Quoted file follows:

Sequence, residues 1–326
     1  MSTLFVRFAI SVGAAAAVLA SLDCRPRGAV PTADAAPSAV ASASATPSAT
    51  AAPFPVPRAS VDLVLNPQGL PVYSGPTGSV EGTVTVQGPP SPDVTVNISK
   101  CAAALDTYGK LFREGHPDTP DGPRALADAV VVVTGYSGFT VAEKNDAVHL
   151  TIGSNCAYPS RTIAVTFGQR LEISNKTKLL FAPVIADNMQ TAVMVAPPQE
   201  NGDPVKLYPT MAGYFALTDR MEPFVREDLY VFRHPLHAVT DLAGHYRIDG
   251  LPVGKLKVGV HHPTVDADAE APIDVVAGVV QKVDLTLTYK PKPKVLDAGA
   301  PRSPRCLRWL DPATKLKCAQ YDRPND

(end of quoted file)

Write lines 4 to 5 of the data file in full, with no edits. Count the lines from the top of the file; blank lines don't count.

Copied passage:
   101  CAAALDTYGK LFREGHPDTP DGPRALADAV VVVTGYSGFT VAEKNDAVHL
   151  TIGSNCAYPS RTIAVTFGQR LEISNKTKLL FAPVIADNMQ TAVMVAPPQE